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Broken Music and Loop Tensions
In Conversation with Frans de Waard, Peter Duimelinks and Roel Meelkop

By Richard di Santo
22 July 2001

While in Montréal for Mutek 2001 I had the pleasure to meet with Goem and Kapotte Muziek members Frans de Waard, Peter Duimelinks and Roel Meelkop. They performed an impressive set as Goem on the first night of the festival, and two days later returned as Kapotte Muziek to conduct an afternoon workshop and a series of short concerts. One afternoon we sat down to talk about their various projects and motivations, whether together or apart, in a small room in the basement of the SAT performance space.

Kapotte Muziek has been one of Frans de Waard's pet projects since 1984, and since that time it has witnessed numerous changes, covering a wide range of styles and experimental techniques, and yet always remaining close to its central ideas of sound recycling. The name Kapotte Muziek (which means "broken music", words used by de Waard's father to describe the music he was listening to as a teenager) formerly referred to his solo work in the studio. In 1993 there was a possibility for him to tour the US with THU 20, a legendary quintet of musique concrète enthusiasts (Jac van Bussel, Guido Doesborg, Peter Duimelinks, Roel Meelkop and Jos Smolders). For some of THU 20's best documented work, consult the recently unearthed Elfde Uni recording, or the Tweede Schijf CD. The plans for a tour fell through as various members dropped out. So in the end it was just de Waard and Peter Duimelinks who set out to perform 17 shows in the US in 1993. Each of these performances would begin with the amplified sounds of a stone, "an element of melancholy" as de Waard describes it, made in order to concentrate because they had never played live together before. As a subtle reference to their origins, they revisited this old practice at the Mutek show. When they got back from their US tour they were asked to do a number of concerts in Europe, and then by Staalplaat for a music festival. It was at that time when Roel Meelkop joined the duo, making Kapotte Muziek as a performance group what it is today. They've since played about 80 or 90 shows in the past eight years.

When asked what has changed since its origins, Duimelinks responds:

First of all, we are more experienced now, this is really something you can notice, that when we start to play we really listen to each other more than in the beginning. Roel and Frans will play the objects and I will do the final mix. In the beginning we used more sound effects, and we're using that less and less, focusing more on the sounds of the objects themselves, and for some shows not at all, as in our set at Mutek. In this way things have changed, but basically it's still the same approach: we improvise not knowing where we'll start and when it's going to end. It could take 30 minutes or it could go on to 70 minutes.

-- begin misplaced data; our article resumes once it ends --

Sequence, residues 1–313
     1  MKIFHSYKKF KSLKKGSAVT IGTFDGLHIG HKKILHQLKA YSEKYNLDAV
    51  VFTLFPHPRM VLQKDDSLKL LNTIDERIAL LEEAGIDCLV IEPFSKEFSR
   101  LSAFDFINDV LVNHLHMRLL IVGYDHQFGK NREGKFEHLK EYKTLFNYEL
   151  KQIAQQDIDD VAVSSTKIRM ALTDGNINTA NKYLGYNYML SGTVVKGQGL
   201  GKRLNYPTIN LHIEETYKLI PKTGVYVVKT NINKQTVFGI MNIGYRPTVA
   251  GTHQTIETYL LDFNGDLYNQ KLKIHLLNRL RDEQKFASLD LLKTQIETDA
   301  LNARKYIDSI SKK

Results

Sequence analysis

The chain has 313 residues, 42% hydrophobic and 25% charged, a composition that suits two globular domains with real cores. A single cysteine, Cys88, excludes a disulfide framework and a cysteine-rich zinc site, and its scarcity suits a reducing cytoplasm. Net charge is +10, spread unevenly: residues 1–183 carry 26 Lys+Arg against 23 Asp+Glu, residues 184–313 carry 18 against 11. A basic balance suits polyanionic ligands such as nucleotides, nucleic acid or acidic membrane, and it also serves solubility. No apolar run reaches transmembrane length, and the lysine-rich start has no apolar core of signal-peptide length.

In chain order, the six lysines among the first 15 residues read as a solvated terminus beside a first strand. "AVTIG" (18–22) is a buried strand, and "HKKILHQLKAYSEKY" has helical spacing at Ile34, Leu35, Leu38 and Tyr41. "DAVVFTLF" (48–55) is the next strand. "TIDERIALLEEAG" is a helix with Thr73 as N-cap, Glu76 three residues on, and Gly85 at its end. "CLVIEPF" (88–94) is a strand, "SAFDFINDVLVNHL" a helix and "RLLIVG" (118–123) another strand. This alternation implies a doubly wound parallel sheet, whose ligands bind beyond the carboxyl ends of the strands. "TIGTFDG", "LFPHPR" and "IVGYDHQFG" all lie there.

It is this passion for sound that directs their projects together, which, as Duimelinks describes them, "are so much about exploring and feeling sound, about how sounds exist in a space and always trying to find the edge."

The two projects of Kapotte Muziek and Goem are at once very different but very much alike as well, their similarities having more to do with their way of working than in the sound material itself (acoustic in the case of Kapotte Muziek and electronic in the case of Goem). Meelkop explains:

There's still one mixer, which in most cases live is Peter. Frans and I will control synthesizers, so in a sense it's more or less the same setting as Kapotte Muziek, although of course the material is very different.

Goem, with its basis in electronic sound material, consists in loop-based recordings; pulses and loops generated from synths, manipulated and layered through a mixer. All of Goem's recordings are live recordings (be they in a concert or studio setting) with no further editing. Goem is not techno, nor is it microwave or clicks + cuts, and yet all of the members agree that the project plays with the idea of techno. Perhaps it has more affinities with industrial music, as Meelkop had suggested in the course of our conversation:

What you get with Goem is a repetitive music which may even be hypnotising at some parts. With very slow changes in the course of one piece I would say that it is almost industrial.

The project started out serendipitously when one day Meelkop found a strange device called a "student stimulator" in a thrift shop:

I didn't know what it was but it looked nice so I took it home and tried to get sound out of it. It worked basically as a pulse generator, creating pulses at different speeds and at different lengths. I didn't really know what to do with it, so Frans took it home and made some recordings with it. He recorded one pulse and then layered 3 other tracks of the same pulse, but with different effects or delays. The first time I heard it it was just with the pulses, so I thought the pieces could use some more body by adding synths. So we tried out this stuff and it actually worked pretty well, and so we started working together on it and that's how it all started.